Two months along in my residence at Lightspring Glen and I still feel more like an honored guest than the mortgage-holder that the Bank says I am. I think this is because it still seems too good to be true to even be here, to have returned at last to my rural roots after five years "in town". As friendly as people were in my suburban neighborhood, and as wonderful as my riverside cottage was, at times it still felt like living in exile from Nature's ready presence in woods and field. I didn't realize how hungry I'd grown to live an elemental, Earth-anchored life again.
Previous posts relate my arrival shortly before Winter Solstice so it's been a pared down and snowy landscape I look out upon each morning. And it's been a challenging Season of deep snows and many days of bitter cold for my wild neighbors. My only help is stocking the bird feeders and wishing all well from behind my thermo-paned windows. Many days my only out-of-doors time is just that short walk to the feeders and then hurrying back inside rubbing my cold hands together. It still feels a long way off before I can start my woods-exploring and see to rescuing the overgrown flower border. I'm trying not to be too impatient.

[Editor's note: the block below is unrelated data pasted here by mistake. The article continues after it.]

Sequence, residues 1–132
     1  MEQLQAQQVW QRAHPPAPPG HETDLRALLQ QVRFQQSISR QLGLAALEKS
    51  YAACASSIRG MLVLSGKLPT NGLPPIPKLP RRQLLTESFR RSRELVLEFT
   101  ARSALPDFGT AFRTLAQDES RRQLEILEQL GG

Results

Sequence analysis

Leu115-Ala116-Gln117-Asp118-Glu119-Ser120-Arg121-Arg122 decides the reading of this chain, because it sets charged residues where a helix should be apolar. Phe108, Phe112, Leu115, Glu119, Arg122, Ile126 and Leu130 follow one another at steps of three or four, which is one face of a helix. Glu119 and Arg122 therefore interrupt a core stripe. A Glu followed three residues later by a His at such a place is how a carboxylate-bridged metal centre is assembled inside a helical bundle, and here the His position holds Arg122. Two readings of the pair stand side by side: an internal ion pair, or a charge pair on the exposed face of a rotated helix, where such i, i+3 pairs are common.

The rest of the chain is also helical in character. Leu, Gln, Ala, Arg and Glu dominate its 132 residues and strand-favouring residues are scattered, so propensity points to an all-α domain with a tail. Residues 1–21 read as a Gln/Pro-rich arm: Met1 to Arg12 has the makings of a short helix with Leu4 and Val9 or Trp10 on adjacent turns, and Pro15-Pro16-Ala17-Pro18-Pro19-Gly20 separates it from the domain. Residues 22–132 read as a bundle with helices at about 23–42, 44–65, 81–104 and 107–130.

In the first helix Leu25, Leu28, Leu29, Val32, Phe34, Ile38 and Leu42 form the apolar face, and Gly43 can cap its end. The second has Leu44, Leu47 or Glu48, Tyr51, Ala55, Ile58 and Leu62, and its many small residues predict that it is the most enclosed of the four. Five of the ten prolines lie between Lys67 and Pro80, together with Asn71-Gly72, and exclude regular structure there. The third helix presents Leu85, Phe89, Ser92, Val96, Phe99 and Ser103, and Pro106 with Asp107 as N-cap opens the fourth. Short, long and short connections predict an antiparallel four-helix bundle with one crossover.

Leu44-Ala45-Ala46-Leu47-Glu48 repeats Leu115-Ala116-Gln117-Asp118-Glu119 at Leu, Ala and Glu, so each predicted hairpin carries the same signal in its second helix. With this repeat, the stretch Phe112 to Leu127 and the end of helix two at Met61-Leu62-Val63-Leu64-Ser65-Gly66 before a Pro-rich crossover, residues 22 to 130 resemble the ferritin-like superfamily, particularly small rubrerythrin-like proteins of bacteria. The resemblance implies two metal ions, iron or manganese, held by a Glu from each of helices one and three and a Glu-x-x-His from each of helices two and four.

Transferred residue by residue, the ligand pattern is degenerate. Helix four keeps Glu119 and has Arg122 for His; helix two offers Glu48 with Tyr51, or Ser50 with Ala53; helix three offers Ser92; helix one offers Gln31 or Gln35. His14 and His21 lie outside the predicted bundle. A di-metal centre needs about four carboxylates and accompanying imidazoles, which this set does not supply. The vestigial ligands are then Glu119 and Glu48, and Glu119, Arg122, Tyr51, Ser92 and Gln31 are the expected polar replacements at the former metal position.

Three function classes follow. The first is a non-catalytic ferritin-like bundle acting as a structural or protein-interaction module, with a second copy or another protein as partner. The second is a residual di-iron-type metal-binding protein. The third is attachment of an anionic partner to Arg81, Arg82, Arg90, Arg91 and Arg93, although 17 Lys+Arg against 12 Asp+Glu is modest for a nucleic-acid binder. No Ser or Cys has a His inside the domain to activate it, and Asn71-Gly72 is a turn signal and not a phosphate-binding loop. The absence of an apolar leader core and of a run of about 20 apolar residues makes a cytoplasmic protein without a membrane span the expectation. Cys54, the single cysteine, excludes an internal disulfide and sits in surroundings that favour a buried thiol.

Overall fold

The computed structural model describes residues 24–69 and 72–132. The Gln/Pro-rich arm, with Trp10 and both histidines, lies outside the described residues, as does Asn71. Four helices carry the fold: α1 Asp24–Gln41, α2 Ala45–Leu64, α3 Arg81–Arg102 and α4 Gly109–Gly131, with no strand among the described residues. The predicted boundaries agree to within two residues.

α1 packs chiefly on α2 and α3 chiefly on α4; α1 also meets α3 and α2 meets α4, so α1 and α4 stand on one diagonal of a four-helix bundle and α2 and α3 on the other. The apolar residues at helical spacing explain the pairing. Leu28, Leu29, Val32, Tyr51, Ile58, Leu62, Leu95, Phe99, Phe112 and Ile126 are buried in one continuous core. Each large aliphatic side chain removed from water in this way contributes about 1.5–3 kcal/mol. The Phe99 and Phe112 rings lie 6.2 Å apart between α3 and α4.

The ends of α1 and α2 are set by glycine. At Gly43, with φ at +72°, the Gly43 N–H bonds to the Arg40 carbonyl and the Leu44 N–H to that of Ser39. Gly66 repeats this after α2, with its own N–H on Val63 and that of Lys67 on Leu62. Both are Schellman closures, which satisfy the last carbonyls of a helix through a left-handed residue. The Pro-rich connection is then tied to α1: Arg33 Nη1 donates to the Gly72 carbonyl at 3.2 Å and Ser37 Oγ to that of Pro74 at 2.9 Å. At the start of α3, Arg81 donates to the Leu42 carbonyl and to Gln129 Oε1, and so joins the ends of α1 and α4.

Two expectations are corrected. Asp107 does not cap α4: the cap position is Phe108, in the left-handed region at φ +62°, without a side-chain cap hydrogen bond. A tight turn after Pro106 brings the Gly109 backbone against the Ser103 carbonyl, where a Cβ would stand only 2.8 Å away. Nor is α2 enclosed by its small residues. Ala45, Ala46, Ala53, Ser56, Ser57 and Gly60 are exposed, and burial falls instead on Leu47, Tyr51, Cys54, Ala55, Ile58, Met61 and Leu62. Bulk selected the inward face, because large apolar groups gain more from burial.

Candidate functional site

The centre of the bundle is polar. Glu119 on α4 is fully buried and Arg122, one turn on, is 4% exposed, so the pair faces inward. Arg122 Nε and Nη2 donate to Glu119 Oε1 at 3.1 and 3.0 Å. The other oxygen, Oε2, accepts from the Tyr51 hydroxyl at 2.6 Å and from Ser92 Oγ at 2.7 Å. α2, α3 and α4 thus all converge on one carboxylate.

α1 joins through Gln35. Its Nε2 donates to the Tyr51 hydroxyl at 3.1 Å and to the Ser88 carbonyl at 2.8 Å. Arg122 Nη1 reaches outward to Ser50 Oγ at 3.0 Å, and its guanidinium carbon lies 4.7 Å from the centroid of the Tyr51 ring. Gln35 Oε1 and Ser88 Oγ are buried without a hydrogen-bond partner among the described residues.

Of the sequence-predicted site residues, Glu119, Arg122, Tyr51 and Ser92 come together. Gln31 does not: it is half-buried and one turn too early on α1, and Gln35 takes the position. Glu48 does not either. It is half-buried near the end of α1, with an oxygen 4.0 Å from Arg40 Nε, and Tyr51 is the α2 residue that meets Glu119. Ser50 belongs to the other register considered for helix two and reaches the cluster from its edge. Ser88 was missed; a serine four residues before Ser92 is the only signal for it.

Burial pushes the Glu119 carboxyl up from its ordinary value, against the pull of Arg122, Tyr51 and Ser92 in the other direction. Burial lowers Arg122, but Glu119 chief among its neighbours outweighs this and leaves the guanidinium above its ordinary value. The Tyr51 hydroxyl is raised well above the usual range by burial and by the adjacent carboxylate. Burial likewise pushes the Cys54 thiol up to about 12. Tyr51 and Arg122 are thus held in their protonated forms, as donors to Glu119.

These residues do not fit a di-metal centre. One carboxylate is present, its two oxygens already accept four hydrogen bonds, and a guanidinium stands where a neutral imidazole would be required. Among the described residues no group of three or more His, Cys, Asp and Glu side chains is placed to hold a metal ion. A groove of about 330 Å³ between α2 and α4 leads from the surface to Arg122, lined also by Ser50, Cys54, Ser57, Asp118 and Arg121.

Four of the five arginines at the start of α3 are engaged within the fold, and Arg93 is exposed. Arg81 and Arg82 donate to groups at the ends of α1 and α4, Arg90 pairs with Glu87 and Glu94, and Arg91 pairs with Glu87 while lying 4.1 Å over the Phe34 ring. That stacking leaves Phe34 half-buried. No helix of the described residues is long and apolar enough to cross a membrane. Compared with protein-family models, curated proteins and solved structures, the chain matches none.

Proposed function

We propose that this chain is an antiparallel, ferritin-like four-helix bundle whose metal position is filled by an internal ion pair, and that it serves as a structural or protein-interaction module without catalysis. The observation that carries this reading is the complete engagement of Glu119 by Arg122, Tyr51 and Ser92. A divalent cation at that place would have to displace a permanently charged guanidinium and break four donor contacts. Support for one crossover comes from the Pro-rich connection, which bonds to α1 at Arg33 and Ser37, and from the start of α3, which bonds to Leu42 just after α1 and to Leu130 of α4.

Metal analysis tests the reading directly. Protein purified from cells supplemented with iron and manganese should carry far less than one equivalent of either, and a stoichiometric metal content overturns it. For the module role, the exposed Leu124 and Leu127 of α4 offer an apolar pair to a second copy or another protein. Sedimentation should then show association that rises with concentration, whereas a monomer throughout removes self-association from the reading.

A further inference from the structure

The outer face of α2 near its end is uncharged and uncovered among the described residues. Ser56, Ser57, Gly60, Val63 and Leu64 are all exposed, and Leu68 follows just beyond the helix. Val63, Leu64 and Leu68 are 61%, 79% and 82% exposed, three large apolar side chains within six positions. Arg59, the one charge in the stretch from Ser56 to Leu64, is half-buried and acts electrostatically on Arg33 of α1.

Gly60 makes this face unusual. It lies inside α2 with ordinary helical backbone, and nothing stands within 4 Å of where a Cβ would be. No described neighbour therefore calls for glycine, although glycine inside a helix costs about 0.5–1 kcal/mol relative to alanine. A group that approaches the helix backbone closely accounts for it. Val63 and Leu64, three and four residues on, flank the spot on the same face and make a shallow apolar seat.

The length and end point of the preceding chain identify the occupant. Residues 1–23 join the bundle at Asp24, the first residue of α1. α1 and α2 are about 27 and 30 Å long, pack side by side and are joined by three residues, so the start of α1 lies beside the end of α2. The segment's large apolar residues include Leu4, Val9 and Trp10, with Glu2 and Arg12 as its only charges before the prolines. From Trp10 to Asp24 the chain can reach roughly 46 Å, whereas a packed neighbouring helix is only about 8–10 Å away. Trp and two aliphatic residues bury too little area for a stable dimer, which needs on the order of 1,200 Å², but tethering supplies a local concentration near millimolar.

Last week brought a brief thaw and a few blessedly warmer days, even rain showers. Driveways at last were freed of their ice and how good it was to go around with lighter coats and jackets. South-facing fields lost some of their snow opening grazing places for the deer. A few days before this warm-up I arrived home as evening was settling in. When I got out of the car, a sound I'd been waiting and hoping for echoed clearly through the dusk. The unmistakable call of a Great-horned owl thrilled me to my toes and I went quickly to the garage's back door, hoping it would call again. Yes! "Who....hoo....hooooo....." spoke the owl and from quite nearby in the hemlocks. "Oh-h-h....." I whispered, shivering in delight. And then another owl answered from the woods across the road! I stood transfixed, eavesdropping on their conversation for as long as I could stand the cold and then retreated reluctantly indoors.
So mating season has begun for these beautiful birds who never let a little cold and snow bother them when it comes to this. On a drive yesterday I cheered to see robins along the road in the bushes, managing despite the gusty winds and blowing snow. And robin-reports are popping up on Facebook (our 21st-century's telegraph), each one greeted with comments of delight and a certain relief. Take heart, the robins are telling us. We are all one day closer to Spring.